What Can Be Done?
Confronting and preventing the negative outcomes associated with social violence exposure requires community- and societal-level interventions designed to foster individual, family and community resilience. Considering that violence exposure increases children’s likelihood of engaging in risky behaviours as they grow older (e.g., aggression and school dropout), using multipurpose programs designed to address early risk factors is one avenue to promote children’s social, emotional and behavioural functioning. Another important factor that buffers the influence of social violence on children’s problem outcomes is caregiver well-being. Interventions offering supports to families exposed to violence are encouraged (e.g., home visits). Parents should also be provided with an adequate shelter, sufficient food, clean water and health care to support family functioning. These supportive resources are likely to diminish caregivers’ distress, in turn lowering the odds of older children perpetuating violence. Specifically, parents who have access to supportive services are in a better position to provide safe, stable and responsive care to reduce the negative consequences of violence exposure on children. In addition to buffering the negative impact of violence exposure on children, interventions aimed at improving family functioning and access to supportive services are likely to be useful in reducing the use of corporal punishment.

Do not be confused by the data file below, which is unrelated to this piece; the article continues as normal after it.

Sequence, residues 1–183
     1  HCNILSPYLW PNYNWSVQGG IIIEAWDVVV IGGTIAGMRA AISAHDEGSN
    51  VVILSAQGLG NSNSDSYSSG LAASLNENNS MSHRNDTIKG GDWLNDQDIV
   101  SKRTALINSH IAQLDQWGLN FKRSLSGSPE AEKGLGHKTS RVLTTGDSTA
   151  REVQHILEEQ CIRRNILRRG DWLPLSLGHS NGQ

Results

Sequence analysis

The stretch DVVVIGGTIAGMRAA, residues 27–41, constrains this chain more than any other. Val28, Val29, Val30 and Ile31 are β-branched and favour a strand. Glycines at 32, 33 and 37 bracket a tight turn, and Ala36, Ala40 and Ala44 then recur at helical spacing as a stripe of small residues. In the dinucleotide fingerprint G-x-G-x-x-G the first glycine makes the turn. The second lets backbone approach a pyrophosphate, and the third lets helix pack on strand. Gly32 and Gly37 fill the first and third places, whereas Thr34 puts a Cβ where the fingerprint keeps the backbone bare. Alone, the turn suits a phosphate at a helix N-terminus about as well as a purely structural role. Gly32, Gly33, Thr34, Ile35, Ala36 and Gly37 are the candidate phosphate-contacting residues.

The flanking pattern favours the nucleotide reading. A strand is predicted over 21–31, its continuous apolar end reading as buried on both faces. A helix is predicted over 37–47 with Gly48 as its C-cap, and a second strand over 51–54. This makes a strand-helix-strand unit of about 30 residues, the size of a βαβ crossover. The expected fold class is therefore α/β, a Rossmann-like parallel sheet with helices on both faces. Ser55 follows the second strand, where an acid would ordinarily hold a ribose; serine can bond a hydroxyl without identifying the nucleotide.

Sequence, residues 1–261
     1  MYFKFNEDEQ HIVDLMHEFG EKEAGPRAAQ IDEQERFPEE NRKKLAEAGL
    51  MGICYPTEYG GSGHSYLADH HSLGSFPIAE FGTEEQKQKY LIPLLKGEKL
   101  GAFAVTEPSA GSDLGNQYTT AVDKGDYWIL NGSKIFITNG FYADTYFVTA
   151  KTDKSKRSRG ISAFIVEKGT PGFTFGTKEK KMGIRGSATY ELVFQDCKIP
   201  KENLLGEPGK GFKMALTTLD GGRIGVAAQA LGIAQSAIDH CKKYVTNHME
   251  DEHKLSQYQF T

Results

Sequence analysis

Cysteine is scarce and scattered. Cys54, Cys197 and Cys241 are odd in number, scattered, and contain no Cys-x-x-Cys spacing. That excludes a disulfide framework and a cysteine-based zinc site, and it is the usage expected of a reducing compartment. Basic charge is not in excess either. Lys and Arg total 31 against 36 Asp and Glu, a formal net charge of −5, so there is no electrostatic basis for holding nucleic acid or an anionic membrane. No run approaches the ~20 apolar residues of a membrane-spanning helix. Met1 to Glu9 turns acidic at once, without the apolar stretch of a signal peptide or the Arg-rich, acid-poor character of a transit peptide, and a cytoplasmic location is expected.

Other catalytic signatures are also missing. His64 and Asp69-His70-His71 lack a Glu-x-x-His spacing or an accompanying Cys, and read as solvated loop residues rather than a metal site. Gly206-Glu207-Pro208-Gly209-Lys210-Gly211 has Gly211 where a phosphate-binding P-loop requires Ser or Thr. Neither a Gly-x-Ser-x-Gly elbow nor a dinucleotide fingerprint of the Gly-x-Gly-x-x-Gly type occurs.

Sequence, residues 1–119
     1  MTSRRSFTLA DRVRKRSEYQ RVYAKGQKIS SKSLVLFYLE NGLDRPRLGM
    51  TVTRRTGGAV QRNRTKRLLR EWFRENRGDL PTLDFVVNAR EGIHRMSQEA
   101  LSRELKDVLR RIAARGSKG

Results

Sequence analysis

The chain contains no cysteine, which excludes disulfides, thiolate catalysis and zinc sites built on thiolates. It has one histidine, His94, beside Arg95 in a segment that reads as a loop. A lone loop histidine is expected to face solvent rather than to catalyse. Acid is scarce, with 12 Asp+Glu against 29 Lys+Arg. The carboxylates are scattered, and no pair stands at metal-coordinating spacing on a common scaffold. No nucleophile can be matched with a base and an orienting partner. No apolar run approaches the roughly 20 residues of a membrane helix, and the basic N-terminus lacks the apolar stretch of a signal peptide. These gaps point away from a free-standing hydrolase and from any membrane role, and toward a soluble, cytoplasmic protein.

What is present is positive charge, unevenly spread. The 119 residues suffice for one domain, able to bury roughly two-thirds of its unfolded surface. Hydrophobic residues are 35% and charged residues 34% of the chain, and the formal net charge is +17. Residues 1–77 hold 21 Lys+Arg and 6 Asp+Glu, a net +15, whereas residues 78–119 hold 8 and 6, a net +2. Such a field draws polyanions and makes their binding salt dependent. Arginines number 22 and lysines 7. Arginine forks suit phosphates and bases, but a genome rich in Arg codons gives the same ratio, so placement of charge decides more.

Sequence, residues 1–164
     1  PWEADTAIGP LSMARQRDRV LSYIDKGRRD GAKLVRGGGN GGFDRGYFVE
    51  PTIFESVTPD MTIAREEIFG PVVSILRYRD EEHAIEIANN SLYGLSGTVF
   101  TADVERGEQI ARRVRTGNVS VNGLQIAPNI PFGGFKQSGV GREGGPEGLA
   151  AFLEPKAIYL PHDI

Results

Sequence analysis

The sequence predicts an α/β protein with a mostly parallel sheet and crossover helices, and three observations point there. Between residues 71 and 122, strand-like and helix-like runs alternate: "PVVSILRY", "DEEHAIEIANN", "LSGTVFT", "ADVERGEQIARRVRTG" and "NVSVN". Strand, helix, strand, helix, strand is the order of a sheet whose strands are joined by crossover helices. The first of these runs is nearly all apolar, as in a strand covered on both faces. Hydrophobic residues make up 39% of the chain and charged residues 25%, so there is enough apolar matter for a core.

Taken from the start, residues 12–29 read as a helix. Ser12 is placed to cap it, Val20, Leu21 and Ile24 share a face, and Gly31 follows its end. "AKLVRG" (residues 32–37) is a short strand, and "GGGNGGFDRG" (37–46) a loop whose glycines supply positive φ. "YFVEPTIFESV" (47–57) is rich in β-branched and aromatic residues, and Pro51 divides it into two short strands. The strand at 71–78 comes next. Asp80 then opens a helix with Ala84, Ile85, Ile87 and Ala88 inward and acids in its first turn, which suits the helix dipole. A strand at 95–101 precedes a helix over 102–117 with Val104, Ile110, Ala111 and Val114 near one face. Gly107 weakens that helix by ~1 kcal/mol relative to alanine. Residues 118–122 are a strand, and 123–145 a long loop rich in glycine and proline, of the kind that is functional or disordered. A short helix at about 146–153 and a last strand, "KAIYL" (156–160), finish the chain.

It is also important that government and non-government agencies (e.g., social organizations, academic and research centres) unify their efforts and act proactively in order to prevent/reduce the occurrence of social violence. As an example, the Brazilian National Council of Health State Secretaries (CONASS), in collaboration with its partners, has compiled a series of intervention strategies and policy programs to address and prevent violence. Implementing public education campaigns, promoting the training of family health program teams, and making changes to legislation to reduce violence on the roads are part of their proposals to address social violence. Lastly, policy makers should be attentive to the way current and future policies influence the causes of armed conflicts and how they may potentially maintain and reinforce exclusion of subgroups. The protection of all members of the society and equal access to resources should figure among governments’ priorities.
How to cite this article:
Social violence: Synthesis. In: Tremblay RE, Boivin M, Peters RDeV, eds. Tremblay RE, topic ed. Encyclopedia on Early Childhood Development [online]. http://www.child-encyclopedia.com/social-violence/synthesis. Updated February 2012. Accessed January 21, 2020.